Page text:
Updated on May 7, 2015; 12:30 p.m. EST.
Hipsters may value social progress, but their coffee habits say otherwise.
That's according to the team at Made in a Free World (MIAFW), a group dedicated to raising awareness on how consumers support illegal slave operations -- often without realizing it -- with their purchasing power.
According to a statement provided to The Huffington Post, MIAFW looked at stereotypical purchases made by those associated with the subculture -- things like cotton for clothing, coffee beans and tantalum for cell phones -- and estimated that the average hipster employs 27 slaves a day through their purchasing power.
The figure, of course, isn't exact, MIAFW explained, as purchasing habits vary from person to person. But it does highlight how even those who try to be conscious, smart consumers can support unethical global business practices.
"Even those who try to be conscious consumers (like hipsters) can unknowingly support unethical global business practices, fueling the growing issue of forced and slave labor in supply chains," MIAFW’s founder, Justin Dillon, said in a statement provided to the Huffington Post. "This is due to the fact that there are little to no resources available to learn where goods are actually sourced from."
Modern-day slavery affects more people now than during any other period in human history. According to the 2014 Global Slavery Index produced by the Walk Free Foundation, there's an estimated 35.8 million people living in slavery around the globe.
As The Washington Post reported, the foundation doesn't follow "some softened, by-modern-standards definition of slavery" -- it tracks child soldiers, people who are forced into labor and prostitution, child brides and others who are treated more like property than people.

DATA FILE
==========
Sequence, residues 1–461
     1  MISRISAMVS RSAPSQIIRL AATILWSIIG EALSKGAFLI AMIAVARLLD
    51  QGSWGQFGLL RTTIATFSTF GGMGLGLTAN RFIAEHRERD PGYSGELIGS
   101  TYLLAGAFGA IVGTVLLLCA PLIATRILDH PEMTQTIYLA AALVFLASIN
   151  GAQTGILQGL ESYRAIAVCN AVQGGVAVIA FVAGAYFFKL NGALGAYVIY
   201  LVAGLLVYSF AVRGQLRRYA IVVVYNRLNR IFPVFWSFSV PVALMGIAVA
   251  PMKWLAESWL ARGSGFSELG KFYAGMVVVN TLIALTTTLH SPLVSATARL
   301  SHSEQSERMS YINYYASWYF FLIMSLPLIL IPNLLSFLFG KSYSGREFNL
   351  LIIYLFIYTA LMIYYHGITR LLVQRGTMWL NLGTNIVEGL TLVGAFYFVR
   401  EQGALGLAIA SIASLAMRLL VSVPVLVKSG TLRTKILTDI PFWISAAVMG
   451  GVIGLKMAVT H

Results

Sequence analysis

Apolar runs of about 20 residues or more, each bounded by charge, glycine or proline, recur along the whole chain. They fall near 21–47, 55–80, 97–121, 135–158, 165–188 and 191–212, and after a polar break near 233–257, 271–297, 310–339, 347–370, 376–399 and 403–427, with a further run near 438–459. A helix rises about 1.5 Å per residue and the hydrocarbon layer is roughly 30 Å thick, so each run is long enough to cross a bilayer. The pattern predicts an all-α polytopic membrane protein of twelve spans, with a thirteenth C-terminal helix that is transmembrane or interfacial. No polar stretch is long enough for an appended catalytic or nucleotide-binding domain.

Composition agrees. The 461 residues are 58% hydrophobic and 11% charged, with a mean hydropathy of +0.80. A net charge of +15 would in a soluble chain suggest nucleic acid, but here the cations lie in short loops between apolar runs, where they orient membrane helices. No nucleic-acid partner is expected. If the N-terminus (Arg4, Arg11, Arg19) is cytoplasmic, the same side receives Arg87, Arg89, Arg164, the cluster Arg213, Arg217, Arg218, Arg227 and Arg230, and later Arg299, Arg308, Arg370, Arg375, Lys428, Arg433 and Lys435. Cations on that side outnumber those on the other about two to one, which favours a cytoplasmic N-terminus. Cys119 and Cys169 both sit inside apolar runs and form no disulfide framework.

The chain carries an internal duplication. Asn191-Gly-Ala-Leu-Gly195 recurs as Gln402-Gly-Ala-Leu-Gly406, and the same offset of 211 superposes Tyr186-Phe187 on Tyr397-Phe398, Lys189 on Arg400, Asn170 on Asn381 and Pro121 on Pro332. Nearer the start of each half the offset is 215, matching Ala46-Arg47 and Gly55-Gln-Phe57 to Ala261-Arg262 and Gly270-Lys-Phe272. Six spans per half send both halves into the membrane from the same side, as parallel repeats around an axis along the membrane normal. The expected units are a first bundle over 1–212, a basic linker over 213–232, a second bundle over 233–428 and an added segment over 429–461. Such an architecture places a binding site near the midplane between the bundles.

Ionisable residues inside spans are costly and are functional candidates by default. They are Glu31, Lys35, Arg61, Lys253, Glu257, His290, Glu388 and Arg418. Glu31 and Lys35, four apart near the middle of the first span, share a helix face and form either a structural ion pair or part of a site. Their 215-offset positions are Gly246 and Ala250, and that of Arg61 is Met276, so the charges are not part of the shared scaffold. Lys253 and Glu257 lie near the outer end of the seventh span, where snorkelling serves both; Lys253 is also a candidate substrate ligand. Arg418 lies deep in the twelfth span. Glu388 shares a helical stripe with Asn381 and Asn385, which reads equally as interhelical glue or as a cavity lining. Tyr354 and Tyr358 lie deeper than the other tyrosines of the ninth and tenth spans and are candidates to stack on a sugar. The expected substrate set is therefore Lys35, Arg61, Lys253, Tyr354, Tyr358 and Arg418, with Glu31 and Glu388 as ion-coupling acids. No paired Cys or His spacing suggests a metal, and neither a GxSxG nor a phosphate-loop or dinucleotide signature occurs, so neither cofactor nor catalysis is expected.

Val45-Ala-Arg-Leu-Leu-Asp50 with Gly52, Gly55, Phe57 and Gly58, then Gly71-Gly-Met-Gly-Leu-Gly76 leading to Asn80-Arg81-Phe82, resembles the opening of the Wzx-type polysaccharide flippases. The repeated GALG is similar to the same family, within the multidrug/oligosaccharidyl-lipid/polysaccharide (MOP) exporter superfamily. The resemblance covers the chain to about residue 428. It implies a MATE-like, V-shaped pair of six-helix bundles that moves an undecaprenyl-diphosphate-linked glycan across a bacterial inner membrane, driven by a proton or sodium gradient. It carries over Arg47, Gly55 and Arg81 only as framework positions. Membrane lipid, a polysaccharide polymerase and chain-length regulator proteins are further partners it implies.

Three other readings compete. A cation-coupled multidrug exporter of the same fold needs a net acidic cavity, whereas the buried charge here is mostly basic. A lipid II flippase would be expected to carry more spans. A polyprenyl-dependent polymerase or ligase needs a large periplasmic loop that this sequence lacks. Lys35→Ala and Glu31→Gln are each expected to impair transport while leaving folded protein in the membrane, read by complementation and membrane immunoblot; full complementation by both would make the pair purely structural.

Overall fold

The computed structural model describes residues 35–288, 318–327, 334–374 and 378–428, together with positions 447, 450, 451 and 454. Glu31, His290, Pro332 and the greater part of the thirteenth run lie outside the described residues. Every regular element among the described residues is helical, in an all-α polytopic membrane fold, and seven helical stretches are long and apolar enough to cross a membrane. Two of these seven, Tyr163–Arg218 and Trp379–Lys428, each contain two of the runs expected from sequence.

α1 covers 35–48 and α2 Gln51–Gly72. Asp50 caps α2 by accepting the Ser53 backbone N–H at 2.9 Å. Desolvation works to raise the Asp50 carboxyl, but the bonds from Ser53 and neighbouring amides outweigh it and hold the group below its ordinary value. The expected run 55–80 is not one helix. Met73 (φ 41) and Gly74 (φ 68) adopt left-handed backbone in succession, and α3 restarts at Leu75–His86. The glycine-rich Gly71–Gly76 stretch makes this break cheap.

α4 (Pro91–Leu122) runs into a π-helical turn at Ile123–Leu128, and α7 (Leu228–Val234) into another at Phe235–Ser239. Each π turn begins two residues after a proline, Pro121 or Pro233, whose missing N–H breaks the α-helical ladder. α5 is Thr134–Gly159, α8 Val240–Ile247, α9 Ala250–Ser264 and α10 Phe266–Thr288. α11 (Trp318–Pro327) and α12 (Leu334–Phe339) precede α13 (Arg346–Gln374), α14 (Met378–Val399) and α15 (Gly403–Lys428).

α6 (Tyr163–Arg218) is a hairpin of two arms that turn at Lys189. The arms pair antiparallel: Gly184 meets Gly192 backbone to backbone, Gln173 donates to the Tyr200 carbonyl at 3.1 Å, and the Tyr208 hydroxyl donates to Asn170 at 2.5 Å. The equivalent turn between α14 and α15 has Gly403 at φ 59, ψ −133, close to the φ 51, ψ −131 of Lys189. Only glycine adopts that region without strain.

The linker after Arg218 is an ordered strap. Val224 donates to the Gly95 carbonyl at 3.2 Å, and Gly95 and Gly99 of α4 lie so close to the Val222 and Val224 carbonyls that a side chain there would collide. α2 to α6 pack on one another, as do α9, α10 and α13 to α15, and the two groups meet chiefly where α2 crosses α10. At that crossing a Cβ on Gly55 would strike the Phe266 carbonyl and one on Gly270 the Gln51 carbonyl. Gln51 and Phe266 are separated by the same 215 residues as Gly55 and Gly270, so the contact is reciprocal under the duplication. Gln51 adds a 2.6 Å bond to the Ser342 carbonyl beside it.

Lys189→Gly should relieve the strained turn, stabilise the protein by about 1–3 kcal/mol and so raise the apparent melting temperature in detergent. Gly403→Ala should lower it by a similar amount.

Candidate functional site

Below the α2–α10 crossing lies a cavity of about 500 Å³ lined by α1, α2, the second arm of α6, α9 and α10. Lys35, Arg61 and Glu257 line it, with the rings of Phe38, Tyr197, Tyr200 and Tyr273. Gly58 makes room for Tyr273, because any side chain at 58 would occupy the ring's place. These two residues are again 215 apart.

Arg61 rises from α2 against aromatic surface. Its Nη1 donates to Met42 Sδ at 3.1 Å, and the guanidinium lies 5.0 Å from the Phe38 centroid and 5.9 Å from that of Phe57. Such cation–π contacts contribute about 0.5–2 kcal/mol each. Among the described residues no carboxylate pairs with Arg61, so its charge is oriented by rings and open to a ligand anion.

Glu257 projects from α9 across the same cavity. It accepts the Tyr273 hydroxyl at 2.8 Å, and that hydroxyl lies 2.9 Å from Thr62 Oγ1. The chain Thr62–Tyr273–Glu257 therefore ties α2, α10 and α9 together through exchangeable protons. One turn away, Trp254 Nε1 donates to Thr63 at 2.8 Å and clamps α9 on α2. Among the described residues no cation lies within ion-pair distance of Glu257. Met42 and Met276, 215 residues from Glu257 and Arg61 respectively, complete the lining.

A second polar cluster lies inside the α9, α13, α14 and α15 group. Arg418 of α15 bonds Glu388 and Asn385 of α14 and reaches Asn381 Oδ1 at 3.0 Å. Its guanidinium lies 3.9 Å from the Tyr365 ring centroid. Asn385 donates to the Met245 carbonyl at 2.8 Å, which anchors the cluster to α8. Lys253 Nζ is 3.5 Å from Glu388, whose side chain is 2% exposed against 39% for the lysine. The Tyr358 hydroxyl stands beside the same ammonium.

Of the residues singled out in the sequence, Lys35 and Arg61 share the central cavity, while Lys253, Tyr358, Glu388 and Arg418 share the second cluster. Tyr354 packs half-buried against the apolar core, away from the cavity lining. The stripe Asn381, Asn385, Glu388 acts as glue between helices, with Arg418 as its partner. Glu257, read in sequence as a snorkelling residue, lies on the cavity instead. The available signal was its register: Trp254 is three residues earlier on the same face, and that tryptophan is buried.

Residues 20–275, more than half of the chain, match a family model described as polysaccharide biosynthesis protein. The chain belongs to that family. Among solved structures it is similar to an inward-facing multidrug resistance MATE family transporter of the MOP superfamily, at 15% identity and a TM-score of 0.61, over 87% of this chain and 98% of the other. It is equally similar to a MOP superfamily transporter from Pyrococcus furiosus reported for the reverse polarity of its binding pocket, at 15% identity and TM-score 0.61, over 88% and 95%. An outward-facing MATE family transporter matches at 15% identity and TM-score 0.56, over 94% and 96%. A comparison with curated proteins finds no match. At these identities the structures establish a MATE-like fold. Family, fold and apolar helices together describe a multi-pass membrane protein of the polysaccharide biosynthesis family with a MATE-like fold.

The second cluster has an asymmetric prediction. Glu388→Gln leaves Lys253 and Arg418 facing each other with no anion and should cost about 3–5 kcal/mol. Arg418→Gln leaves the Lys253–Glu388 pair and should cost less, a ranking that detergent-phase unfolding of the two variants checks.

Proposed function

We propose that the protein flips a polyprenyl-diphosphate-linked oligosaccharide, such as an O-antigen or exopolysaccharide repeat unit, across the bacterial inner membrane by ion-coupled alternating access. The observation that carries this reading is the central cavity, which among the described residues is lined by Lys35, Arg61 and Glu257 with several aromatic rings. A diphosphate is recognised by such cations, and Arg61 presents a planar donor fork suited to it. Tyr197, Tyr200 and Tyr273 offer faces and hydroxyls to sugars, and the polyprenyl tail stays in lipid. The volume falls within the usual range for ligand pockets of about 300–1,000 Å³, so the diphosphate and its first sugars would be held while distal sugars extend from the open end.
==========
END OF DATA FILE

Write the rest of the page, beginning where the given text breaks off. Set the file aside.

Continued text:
Earlier this month, officials rescued more than 300 slaves in Indonesia after a story by the Associated Press exposed the human rights abuse. The slaves had been lured or tricked into leaving their homes behind and then forced to catch fish to supply the global demand for seafood, AP reported. Some of the fish ended up in the U.S.
But there are ways consumers can get informed on the products they buy, and what role such items play in the global marketplace. Organizations like Free2Work aim to educate people on global brands and how those companies relate to forced and child labor practices around the world.
MIAFW recently launched Forced Labor Risk Determination and Mitigation (FRDM) -- a service for companies to learn more about obtaining their products from ethical sources. The digital service, which MIAFW claims is the first software designed to help companies rid their supply chains from slavery, educates companies on business-to-business commerce and pinpoints high-risk regions where the abuse takes place, helping them avoid supporting such operations.
To learn more about Made in a Free World and FRDM, click here.
To take action on pressing poverty issues, check out the Global Citizen's widget below.